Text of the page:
Book publishers love that libraries can act as free marketing venues, introducing readers to new authors and keeping them focused on books.  But publishers don’t like it when libraries act as commons – that is, when they promote easy access and sharing of knowledge.  A successful commons may modestly limit a publisher’s absolute copyright control – and even minor incursions on this authority must be stoutly resisted, publishers believe.     

One of the more egregious such battles now underway is a lawsuit filed by Harvard Business School Publishing, John Wiley and the University of Chicago Press against the Institute for the Study of Coherence and Emergence.  ISCE  is a small, nonprofit membership group that “facilitates the conversation between academics and business people regarding social complexity theory, particularly the implications for the management of organizations.” 

The focus of the publishers’ lawsuit is ISCE’s virtual library of 1,200 books.  May ISCE self-digitize and lend its virtual books to its members on a one-usage-at-a-time basis, for private, educational, non-commercial purposes? 

The publishers say no, and are seeking to establish their legal authority to shut down such unauthorized “reproduction, display and distribution” of the books.  But ISCE counter-claims that the fair use and first-sale doctrines of copyright law give it the legal right to lend its virtual books.  (Fair use is the legal doctrine of copyright law that allows excerpts to be shared noncommercially.  The first-sale doctrine prohibits the seller from controlling what a consumer does with a book or DVD after it is purchased, such as renting it, lending it or giving it away.)  ISCE claims, in addition, that libraries are entitled to special-use privileges under copyright law, which apply in this instance.

The Journal of Latin American Geography has dedicated an entire issue (vol. 12, no. 1) to surveying the state of commons on that continent. The special issue (in English) consists of nine essays, the first of which provides a helpful overview of the state of Latin American commons and commons research. (A listing of abstracts here.)  This academic treatment gives some welcome visibility and depth to the study of the commons in that vast region of the world, much of which is besieged by aggressive neoliberal policies that seek to extract vast natural resources in the name of "development."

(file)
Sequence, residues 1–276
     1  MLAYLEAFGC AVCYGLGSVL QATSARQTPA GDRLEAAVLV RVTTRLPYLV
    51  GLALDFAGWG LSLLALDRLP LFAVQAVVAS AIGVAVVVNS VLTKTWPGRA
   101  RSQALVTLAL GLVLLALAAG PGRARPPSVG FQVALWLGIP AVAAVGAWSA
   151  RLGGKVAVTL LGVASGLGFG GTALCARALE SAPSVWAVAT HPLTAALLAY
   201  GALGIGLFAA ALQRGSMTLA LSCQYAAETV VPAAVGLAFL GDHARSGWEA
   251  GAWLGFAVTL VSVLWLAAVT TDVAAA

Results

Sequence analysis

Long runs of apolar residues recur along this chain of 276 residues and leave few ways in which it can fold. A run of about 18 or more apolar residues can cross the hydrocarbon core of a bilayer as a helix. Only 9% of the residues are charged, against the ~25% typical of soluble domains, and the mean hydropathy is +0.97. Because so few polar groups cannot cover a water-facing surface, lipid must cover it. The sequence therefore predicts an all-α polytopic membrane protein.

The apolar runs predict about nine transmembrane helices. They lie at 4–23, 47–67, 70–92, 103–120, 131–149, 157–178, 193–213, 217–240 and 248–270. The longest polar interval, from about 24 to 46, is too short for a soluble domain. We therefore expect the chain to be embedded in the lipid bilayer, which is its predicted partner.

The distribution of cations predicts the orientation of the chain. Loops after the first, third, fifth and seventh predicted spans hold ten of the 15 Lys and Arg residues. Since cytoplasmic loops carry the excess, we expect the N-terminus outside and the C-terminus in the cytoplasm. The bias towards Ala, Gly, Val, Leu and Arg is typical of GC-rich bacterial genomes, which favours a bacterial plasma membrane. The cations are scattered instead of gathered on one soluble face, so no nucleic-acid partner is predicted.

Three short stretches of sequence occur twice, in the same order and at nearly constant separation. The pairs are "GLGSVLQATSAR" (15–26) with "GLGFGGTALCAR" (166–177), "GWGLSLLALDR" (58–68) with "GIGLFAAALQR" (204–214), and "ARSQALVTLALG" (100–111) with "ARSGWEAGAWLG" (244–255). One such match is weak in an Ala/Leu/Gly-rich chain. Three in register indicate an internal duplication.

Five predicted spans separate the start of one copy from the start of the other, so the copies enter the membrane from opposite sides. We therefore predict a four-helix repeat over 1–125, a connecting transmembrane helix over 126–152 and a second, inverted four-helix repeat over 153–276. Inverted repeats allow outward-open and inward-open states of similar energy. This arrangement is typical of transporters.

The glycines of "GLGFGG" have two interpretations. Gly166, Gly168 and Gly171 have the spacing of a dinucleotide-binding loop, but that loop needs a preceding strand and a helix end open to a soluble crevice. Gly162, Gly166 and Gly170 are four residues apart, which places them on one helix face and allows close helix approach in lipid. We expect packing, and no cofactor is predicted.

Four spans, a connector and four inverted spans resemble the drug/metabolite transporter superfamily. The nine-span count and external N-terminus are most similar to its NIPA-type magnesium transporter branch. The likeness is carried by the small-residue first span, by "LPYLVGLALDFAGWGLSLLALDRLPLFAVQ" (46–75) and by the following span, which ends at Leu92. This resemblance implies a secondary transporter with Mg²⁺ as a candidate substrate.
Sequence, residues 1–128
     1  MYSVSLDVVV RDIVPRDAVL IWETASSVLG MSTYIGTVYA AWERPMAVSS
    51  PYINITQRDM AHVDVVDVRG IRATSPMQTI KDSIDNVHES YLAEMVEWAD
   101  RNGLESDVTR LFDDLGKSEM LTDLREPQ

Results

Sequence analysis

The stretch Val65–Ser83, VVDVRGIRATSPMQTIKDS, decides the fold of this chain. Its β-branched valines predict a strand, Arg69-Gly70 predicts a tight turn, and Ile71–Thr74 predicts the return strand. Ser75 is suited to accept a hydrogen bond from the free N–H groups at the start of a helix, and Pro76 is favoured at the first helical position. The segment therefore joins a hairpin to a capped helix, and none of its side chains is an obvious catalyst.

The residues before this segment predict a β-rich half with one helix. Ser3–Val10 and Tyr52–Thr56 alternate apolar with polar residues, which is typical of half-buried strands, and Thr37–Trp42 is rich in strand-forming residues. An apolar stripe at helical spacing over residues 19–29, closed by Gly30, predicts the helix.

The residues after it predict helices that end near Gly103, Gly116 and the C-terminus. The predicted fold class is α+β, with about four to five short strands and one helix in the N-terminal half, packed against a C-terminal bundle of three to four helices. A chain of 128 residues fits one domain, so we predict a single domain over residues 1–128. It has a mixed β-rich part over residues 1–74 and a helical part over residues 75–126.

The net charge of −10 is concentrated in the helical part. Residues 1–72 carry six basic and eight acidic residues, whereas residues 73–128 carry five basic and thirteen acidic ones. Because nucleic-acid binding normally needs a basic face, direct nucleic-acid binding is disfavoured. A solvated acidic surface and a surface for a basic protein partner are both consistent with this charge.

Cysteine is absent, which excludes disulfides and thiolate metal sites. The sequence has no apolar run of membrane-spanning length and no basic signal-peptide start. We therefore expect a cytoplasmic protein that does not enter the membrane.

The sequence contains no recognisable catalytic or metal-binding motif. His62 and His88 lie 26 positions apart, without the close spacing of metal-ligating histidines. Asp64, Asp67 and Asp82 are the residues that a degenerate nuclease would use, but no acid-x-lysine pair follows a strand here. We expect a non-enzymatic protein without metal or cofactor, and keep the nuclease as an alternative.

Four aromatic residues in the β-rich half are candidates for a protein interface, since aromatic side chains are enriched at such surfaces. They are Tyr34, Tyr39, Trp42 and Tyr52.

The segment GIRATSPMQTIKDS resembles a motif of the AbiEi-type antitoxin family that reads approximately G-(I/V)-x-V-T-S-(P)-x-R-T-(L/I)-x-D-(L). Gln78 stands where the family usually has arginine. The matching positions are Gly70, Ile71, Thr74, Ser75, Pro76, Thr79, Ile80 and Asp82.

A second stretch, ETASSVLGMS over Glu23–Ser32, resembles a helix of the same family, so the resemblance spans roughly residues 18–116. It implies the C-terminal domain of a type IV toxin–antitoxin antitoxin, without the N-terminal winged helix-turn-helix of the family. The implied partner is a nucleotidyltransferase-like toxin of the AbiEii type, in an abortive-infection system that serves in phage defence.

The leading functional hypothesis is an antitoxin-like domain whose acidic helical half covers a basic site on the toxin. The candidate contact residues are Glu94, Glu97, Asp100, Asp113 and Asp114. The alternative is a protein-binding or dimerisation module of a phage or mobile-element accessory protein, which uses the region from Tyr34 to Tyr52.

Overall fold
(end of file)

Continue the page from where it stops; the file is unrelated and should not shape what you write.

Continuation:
The Journal focuses on a range of commons-related themes in various countries, including the effect of rural out-migration from Mexico on commons there; new efforts in Costa Rica to treat biodiversity as a commons; the struggle of indigenous peoples in Brazil to secure tenure rights to their communal resources; and use of commons by marginalized people in Argentina to manage wild guanacos, a large, llama-like ungulate valued for their meat, skins and fibers.

The overview essay on current trends in Latin American commons research, by James Robson and Gabriela Lichtenstein, shines a light on the development agenda of oil and mining industries while noting the many legal and political changes that have reinstated communal property regimes.  Many countries, such as Brazil, Honduras, Venezuela and Nicaragua, have formally recognized the communal rights of indigenous communities to their traditional territories.  Overall, there is a “upturn in communal land tenure over time,” write Robson and Lichtenstein. 

Here’s a development that could have enormous global implications for the search for a new commons-based economic paradigm.  Working with an academic partner, the Government of Ecuador has launched a major strategic research project to “fundamentally re-imagine Ecuador” based on the principles of open networks, peer production and commoning.   

I am thrilled to learn that my dear friend Michel Bauwens, founder of the P2P Foundation and my colleague in the Commons Strategies Group, will be leading the research team for the next ten months.  The project seeks to “remake the roots of Ecuador’s economy, setting off a transition into a society of free and open knowledge.” 

The announcement of the project and Bauwens’ appointment was made on Wednesday by the Free/Libre Open Knowledge Society, or FLOK Society, a project at the IAEN national university that has the support of the Ministry of Human Resource and Knowledge in Ecuador.  The FLOK Society bills its mission as “designing a world for the commons.” 

The research project will focus on many interrelated themes, including open education; open innovation and science; “arts and meaning-making activities”; open design commons; distributed manufacturing; and sustainable agriculture; and open machining.  The research will also explore enabling legal and institutional frameworks to support open productive capacities; new sorts of open technical infrastructures and systems for privacy, security, data ownership and digital rights; and ways to mutualize the physical infrastructures of collective life and promote collaborative consumption.